We had been back in Australia a few weeks and we had seen Wonthaggi get beaten by Phillip Island a few weeks earlier. Sasha was watching and champing at the bit to play but we did not have him registered and I did not want to put another kid out of Mike Tong’s under 11 team. Sasha had grown up playing Soccer overseas and it rules his life. On the return leg though Sasha was eligible and his boots were self-made ready. He played great against the Island, who had not been beaten. Personally I think his skill was the difference in the game. At times he would catch a break behind play and swagger a bit like his old man. He attacked quite ferociously at times and his red and white boots were flashing in the Phillip Island morning. He kicked the sealer, a 40-meter long bomb that scuttled the goalies vision. His loyal boots served him well; they gave him direction, balance, charm and a certain lightness of being.


About Haje Halabi

Born in Bright Victoria, went overseas for 2 years and stayed 18. Tiger tragic, father of 2 fine young men, teacher and obsessed with sport and the good it can bring.


  1. Rocket Nguyen says

    Son of a gun.
    Clearly a clean pair of boots leads to showing the opposition a clean pair of heels!

  2. I remember my very first pair of screw-ins. I felt like a “real footballer” the first time I put in the long stops just prior to playing on a really muddy ground.

  3. It was a bit simpler then to Haje. You only had adidas and puma. It’s a minefield out there now. Stripes and swooshes and don’t get me started on the colours!

  4. Boot colours are ridiculous these days! … I guy I work with took his 7 year old son shopping for his first pair of footy boots last year – had to look hard to get a pair of black boots for the boy – as he explained to his son … “You have to earn white boots” ! A philosphy I heartily agree with!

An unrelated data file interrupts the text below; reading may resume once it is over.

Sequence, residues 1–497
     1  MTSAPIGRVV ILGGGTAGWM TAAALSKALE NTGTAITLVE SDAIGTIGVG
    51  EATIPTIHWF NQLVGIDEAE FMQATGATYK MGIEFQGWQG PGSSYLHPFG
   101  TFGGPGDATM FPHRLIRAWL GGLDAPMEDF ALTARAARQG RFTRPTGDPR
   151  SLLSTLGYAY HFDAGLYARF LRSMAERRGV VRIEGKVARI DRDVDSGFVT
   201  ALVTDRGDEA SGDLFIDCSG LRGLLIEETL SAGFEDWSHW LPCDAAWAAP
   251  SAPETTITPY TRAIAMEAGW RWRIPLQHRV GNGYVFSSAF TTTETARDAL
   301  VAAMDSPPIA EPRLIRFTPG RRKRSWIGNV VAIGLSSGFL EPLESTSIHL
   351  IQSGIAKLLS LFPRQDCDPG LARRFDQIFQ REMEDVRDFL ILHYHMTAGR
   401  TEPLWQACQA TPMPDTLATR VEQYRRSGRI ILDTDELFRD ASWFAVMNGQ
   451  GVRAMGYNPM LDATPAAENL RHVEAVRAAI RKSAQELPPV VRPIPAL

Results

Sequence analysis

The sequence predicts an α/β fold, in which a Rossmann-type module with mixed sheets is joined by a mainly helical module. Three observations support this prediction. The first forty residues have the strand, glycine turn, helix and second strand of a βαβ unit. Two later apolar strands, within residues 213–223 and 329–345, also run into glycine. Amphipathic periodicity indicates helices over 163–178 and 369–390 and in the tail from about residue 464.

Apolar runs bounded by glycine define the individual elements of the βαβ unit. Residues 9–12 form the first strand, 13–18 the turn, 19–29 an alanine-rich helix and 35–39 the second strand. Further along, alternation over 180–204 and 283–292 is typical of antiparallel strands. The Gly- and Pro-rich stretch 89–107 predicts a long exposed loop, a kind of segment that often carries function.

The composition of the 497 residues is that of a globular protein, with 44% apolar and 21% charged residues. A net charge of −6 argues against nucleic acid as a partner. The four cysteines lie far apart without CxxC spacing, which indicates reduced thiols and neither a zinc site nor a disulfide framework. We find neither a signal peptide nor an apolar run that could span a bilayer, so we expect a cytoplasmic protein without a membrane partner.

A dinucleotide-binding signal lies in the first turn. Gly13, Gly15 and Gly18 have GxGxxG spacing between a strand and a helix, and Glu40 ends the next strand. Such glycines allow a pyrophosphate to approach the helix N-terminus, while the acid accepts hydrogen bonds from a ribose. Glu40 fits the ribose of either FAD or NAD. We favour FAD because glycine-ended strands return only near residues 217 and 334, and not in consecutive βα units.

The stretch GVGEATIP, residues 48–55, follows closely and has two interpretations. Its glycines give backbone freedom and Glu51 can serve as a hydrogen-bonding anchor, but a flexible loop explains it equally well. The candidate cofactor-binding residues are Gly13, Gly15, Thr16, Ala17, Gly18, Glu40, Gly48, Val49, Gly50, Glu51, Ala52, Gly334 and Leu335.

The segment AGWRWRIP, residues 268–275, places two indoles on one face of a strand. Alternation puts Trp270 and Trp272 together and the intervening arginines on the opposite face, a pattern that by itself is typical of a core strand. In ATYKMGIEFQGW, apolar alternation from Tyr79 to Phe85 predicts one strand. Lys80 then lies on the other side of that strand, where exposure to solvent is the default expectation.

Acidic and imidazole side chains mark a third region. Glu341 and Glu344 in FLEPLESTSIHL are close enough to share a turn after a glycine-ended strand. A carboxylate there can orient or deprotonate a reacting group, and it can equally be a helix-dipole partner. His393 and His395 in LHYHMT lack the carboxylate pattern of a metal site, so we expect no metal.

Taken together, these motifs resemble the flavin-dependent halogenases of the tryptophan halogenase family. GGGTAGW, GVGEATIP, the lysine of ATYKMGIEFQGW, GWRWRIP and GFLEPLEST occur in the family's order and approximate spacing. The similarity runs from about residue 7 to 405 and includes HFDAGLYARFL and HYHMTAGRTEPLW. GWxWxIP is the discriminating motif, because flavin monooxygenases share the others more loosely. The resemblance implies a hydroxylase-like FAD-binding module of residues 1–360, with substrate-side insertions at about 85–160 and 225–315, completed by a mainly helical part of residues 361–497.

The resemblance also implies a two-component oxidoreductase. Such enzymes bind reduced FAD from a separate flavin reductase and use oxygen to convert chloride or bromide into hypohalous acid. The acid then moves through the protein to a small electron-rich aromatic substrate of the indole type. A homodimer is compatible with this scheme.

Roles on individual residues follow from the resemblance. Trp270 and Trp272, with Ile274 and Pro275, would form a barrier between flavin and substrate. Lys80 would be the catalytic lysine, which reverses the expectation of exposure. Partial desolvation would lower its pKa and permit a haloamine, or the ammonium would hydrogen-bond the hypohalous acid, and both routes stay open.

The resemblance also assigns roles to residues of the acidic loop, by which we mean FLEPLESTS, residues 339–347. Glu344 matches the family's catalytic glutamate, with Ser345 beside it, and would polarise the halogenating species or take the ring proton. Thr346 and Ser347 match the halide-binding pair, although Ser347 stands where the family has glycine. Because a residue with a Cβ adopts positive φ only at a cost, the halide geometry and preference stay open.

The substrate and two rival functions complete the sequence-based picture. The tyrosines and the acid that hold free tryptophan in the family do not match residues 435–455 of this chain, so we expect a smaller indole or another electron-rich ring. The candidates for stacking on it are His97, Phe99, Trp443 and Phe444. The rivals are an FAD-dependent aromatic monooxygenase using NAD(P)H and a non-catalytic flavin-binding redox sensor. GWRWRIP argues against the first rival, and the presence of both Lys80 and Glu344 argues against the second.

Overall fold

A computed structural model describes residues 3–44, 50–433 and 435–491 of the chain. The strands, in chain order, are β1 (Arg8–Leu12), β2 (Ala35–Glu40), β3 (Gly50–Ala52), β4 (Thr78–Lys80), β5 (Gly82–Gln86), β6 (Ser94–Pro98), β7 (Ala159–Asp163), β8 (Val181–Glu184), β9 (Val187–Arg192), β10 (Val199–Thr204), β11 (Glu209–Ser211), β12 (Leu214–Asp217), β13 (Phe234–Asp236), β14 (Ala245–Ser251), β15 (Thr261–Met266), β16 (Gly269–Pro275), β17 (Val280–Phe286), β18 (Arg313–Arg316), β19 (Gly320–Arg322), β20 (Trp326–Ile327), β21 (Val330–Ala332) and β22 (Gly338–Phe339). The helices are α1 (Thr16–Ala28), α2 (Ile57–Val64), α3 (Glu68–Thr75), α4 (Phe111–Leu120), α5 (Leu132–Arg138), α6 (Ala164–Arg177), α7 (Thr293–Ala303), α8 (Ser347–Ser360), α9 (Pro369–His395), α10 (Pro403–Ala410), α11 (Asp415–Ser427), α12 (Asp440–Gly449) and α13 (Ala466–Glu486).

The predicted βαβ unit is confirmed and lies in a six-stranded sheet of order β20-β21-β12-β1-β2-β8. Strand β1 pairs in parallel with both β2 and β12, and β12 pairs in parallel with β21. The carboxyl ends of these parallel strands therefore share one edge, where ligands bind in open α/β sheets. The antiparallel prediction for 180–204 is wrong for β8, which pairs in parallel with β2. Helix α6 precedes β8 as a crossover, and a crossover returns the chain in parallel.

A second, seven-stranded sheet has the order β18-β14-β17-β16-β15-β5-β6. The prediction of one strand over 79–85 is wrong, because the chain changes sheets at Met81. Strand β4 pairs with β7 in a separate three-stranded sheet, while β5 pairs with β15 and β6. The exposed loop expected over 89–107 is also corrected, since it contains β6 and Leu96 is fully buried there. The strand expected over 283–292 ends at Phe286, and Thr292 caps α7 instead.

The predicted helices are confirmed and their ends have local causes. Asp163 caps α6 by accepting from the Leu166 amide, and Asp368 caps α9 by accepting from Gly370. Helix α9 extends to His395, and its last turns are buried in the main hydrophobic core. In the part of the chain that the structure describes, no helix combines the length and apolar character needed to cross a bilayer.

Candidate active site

5. Pete- yes the screw ins were another rite of passage- we certainly upt the aint there hey!

    Gus- yes bloody colours galore now- back then it was liberal or labour now we have every party under the sun!

    Nik- nice story- earning the white boots they are harder to clean I guess but more prestige- Fab phil carmen was way ahead of his time

  6. I skipped the nugget and went with dubbin, but otherwise my ritual was pretty similar.

    Also used to stuff them with screwed up newspaper. Always funny the first training session the next season when you had to remove the 6 month old newspaper!

  7. Ah the memories Haje. The Ron Barassi’s were my first boots too!
    Kicking off the dew in the juniors and then the luxury of playing senior footy and playing after midday! Ah after 40 years of footy and still playing the super rules I have now profgressed to the Over 47’s and guess what? Again I am kicking off the dew.

    Boots, footy, life…. it all turns the full circle.

    Loved the story.

  8. thanks JB, yeah funny how things have turned around, but not may like you still playing after all these years….your strong legs have filled the boots well

  9. Haje – what a great piece about such a simple but powerful footy routine.

    I too cleaned my boots religiously every Friday night & it was a joy, not a chore. It meant the next game was almost here & you could dream of playing like Fabulous Phil or Daics or Billy Picken. I loved it (and picked up a couple of bob along the way – how good was that).

    My two boys don’t know what nugget is! I still sneak out every now & then on a Saturday night & clean their boots for them…..reminiscing about this and that.

    Great work.

  10. Great story and I verify that the “Bright” part was spot on!